After two years of war in Ukraine, there is no prospect of negotiations to find a breakthrough as Russian President Vladimir Putin, emboldened by the erosion of Western support for Kyiv, girds for a long conflict.

2024 will be another year of war because Ukraine is determined to keep on fighting to recapture territory, while Putin will only be satisfied with Kyiv's full surrender, analysts and diplomats say.

Putin may have signalled in this month's interview with right-wing US talk show host Tucker Carlson that Russia was interested in negotiations but this would be so much on Moscow's own terms that Kyiv would not countenance such talks.

"I don't see any negotiations taking place any time soon," said Fyodor Lukyanov, head of the Kremlin-linked Council on Foreign and Defense Policy think tank in Moscow.

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"There's nothing they can negotiate about," he told AFP.

While the winter of 2022 was humiliating for Putin, who failed to take Kyiv within days, he has now regrouped and appears reinvigorated by Ukraine's unsuccessful counter-offensive, the prospect of Donald Trump returning to the White House in the November presidential election and the rise of the far-right in Europe.

"Wouldn't it be better to negotiate with Russia?" Putin told Carlson, urging the United States to discuss a deal that would allow Moscow to control 20 percent of Ukraine's territory.

"Sooner or later we'll come to an agreement anyway," he said.

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In a symbolic gain for Moscow, the eastern Ukrainian town of Avdiivka fell to Russian troops last week after months of battle.

Mykhailo Podolyak, an advisor to Ukrainian President Volodymyr Zelensky, reiterated Kyiv's long-held position that no negotiations were possible until Russia withdraws from occupied territories.

"In any other case, negotiations are impossible," Podolyak told AFP.

A European diplomat, speaking on condition of anonymity, also ruled out any talks under the current circumstances.

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"Negotiations can only take place when Ukraine is in a position of strength on the ground," said the diplomat.

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But after two years of resisting the invasion by its much larger neighbour, Ukraine's troops are exhausted.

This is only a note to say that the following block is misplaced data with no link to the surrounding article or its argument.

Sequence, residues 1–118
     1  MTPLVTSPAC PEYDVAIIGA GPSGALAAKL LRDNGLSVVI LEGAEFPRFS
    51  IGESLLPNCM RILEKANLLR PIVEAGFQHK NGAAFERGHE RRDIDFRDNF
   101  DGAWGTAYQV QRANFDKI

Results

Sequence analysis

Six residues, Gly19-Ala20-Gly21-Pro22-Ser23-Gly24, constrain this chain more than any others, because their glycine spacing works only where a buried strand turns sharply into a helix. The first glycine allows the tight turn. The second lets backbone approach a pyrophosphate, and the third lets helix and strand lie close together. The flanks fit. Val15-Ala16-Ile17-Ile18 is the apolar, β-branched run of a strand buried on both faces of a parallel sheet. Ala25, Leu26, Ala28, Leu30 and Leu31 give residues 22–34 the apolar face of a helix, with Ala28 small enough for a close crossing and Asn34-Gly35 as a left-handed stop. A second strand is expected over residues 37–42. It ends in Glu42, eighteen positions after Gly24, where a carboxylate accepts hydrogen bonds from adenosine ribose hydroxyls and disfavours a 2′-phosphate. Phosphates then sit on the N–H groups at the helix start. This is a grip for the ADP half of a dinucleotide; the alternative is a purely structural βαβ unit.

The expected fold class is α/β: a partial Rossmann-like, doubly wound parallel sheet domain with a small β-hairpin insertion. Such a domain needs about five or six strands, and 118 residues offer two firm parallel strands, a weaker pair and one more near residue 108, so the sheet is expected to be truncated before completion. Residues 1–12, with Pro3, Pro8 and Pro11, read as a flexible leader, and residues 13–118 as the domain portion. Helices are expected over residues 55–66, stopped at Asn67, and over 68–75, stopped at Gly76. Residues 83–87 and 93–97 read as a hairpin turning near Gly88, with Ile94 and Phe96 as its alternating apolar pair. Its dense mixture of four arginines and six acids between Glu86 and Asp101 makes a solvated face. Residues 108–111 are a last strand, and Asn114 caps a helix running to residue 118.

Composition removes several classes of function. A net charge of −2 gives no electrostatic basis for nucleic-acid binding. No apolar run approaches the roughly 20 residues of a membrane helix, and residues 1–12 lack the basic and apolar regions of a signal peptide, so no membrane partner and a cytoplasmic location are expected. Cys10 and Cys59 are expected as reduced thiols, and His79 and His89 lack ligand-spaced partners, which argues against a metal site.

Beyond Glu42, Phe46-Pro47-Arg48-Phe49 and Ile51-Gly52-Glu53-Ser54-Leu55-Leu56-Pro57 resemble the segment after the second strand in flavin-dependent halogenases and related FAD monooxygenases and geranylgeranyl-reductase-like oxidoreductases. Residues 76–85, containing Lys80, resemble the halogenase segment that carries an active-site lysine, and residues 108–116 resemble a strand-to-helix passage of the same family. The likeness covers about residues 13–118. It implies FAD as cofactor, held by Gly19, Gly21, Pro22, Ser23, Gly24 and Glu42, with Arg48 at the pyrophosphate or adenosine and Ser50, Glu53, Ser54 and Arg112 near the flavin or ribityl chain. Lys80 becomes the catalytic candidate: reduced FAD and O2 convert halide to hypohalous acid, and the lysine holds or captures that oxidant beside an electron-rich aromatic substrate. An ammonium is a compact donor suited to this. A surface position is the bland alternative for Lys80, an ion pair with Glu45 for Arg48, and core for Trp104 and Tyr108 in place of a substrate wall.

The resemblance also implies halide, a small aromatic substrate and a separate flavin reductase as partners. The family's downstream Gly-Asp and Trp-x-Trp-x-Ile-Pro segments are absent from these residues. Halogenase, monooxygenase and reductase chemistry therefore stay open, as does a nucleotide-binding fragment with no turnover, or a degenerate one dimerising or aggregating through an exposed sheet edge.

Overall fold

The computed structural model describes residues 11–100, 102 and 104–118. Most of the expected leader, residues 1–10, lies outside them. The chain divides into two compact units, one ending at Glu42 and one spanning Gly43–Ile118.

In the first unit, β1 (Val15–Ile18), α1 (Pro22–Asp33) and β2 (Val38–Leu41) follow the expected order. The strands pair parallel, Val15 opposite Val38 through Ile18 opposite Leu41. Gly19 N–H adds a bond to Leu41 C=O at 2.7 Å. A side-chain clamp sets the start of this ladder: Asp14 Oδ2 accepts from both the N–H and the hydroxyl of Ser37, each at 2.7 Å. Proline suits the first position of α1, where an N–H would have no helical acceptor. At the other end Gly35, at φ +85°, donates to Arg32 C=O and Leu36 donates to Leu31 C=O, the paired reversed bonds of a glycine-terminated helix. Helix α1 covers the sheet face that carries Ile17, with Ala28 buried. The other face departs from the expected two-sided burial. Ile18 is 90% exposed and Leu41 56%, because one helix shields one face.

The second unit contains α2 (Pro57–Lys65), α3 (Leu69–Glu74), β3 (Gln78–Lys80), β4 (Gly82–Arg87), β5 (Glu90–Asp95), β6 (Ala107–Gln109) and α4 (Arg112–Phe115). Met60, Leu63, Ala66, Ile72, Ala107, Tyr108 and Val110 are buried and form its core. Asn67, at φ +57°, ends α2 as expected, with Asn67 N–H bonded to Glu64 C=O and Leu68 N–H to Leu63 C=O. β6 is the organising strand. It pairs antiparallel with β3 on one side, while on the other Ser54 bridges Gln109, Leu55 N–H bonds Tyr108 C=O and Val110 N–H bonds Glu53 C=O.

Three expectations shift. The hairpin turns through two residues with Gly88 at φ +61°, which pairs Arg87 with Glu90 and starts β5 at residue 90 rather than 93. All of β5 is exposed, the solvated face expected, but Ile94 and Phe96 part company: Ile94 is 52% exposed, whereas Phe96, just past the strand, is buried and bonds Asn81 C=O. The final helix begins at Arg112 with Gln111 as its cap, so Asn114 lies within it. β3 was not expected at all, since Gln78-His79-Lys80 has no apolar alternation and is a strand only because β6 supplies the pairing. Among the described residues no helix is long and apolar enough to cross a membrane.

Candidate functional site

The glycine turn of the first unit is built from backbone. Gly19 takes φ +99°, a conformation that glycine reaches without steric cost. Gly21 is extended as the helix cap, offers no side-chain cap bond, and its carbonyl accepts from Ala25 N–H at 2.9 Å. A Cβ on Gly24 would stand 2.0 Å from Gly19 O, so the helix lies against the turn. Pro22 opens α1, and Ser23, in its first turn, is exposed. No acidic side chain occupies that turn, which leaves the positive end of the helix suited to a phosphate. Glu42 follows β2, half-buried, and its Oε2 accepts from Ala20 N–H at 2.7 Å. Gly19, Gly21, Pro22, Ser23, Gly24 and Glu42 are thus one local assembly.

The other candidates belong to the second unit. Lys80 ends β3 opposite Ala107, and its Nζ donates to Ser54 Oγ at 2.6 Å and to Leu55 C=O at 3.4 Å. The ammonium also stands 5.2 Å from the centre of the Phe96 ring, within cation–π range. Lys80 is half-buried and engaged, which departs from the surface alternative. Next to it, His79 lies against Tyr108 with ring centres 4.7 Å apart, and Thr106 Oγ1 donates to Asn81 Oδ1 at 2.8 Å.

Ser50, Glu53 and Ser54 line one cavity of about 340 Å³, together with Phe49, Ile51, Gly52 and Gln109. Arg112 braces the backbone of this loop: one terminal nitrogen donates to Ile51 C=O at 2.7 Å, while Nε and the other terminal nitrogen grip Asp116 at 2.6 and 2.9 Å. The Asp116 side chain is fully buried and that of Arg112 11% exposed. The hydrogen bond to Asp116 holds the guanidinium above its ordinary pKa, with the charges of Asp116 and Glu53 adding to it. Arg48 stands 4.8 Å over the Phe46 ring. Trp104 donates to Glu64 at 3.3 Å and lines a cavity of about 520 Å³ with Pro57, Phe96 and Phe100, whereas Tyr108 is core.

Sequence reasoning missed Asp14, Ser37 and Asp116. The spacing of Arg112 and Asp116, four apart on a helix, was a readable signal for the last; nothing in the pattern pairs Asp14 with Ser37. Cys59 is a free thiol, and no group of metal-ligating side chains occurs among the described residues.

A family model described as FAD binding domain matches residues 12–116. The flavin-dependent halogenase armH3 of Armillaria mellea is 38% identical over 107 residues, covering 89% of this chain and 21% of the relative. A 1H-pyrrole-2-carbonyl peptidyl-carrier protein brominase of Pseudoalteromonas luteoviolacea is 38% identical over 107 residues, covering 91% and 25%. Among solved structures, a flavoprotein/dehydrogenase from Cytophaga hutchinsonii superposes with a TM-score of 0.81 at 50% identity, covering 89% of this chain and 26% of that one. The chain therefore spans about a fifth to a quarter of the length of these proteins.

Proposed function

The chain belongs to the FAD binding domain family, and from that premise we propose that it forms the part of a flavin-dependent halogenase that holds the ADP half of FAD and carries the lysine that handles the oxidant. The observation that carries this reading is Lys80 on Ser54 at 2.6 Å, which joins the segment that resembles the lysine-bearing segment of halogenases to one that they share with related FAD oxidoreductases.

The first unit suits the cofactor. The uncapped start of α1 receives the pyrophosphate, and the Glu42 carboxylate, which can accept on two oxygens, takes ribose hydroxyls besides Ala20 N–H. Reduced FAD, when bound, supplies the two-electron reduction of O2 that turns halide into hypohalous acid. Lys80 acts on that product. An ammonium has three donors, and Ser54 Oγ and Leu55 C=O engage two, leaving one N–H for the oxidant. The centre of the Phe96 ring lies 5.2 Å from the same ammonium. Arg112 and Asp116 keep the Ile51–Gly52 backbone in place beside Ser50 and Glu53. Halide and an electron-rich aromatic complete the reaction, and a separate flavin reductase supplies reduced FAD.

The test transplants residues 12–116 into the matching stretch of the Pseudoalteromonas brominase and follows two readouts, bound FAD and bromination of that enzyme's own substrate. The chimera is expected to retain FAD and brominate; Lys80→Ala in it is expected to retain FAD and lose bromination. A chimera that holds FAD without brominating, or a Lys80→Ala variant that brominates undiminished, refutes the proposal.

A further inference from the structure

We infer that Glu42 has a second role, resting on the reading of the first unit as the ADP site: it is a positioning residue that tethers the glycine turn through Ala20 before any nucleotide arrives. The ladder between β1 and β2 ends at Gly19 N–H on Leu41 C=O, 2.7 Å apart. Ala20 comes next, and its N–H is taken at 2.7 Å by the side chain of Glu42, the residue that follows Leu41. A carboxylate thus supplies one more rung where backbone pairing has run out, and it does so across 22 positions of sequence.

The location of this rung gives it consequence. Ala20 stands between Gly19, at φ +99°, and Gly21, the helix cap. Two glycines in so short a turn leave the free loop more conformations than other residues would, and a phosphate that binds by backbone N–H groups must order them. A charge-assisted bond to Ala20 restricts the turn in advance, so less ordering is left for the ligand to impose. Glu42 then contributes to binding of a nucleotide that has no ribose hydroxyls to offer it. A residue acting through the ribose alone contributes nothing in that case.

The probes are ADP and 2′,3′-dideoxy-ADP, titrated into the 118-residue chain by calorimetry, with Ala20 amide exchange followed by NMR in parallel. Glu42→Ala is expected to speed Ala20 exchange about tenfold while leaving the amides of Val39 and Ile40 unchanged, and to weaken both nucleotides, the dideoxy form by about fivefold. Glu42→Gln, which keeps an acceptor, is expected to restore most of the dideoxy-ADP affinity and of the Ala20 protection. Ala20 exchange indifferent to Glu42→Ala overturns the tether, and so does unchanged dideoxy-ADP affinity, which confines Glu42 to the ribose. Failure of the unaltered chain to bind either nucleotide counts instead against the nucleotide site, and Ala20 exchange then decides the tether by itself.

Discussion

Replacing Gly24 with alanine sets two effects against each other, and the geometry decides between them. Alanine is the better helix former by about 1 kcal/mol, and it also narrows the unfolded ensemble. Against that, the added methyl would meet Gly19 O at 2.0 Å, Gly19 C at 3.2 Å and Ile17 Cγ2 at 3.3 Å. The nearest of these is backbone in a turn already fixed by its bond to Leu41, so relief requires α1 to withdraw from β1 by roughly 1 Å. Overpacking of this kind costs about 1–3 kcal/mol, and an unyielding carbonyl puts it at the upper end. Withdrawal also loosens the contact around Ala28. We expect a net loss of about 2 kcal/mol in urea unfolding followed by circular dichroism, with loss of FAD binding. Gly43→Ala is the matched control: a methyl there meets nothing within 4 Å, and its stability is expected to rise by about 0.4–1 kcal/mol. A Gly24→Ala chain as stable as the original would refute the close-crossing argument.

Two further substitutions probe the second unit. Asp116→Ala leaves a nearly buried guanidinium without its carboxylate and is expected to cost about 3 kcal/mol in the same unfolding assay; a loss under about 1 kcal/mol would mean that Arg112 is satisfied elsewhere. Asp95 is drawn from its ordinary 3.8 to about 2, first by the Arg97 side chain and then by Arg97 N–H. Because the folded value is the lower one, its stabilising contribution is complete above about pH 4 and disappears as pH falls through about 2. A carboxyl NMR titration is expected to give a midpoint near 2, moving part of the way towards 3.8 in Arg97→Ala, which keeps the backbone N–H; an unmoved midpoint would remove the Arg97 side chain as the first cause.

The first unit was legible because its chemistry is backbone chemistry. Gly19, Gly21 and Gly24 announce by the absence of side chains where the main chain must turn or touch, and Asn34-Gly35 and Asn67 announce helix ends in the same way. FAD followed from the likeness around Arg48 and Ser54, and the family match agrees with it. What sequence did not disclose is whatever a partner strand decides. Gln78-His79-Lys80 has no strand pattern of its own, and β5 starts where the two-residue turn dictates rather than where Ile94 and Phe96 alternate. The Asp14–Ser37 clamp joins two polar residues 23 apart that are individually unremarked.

A Republican holdup on US military aid and Europe's inability to ramp up weapons supplies fast enough contribute to a sense of uncertainty and gloom in Kyiv.

Cracks are beginning to emerge, with Zelensky's recent decision to part ways with popular army chief Valery Zaluzhny seen as a sign of the first serious split within the leadership.

By contrast, Russia has withstood the initial shock of unprecedented Western sanctions and put its economy on a war footing, ramping up production and recruitment and jailing critics of the invasion.

Opposition leader Alexei Navalny, who has urged Russians to protest against the war, died suddenly in his Arctic prison last week. His team says he was murdered.

Alexander Gabuev, director of the Carnegie Russia Eurasia Center, warned that Ukraine must urgently reverse course by mobilising more troops, securing more Western aid and overcoming political tensions in Kyiv.

"The main question is whether Ukraine and its allies will be able to take action in the next six months to change the current trajectory," he told AFP.

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If the current problems persist, "Ukraine could start losing the war in 2024."

The US election campaign has already affected the delivery of more aid to Ukraine, with Trump pushing an isolationist "America First" policy.

US officials privately say that little might be decided before the United States elects its new president in November. 

Late in the day

Putin appears to be awaiting the result of the US election too.

"My expectation is that Putin won't make peace or a meaningful peace before he sees the result of our election," a senior US official said.

Trump has claimed he would be able to end the war in Ukraine "in 24 hours" if re-elected.

Zelensky has called such remarks "very dangerous."

"Nobody knows what Trump's foreign policy will be, starting with himself," said former French diplomat Marie Dumoulin.

European leaders increasingly realise that if Putin is allowed to win in Ukraine, he could then be tempted to test NATO's defences.

"We have a 'Russian problem' ahead of us and for us it's a huge challenge," said European Union foreign policy chief Josep Borrell.

It will take time for the continent's defence industry to step up ammunition production but the West could still turn things around, said analysts.

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"For Europeans in particular, this means putting their money where their mouth is," said Gustav Gressel of the European Council on Foreign Relations.

"The acquisition of ammunition, missiles, combat vehicles and spare parts is severely behind schedule."

"Although late in the day, Europeans can still correct this course."

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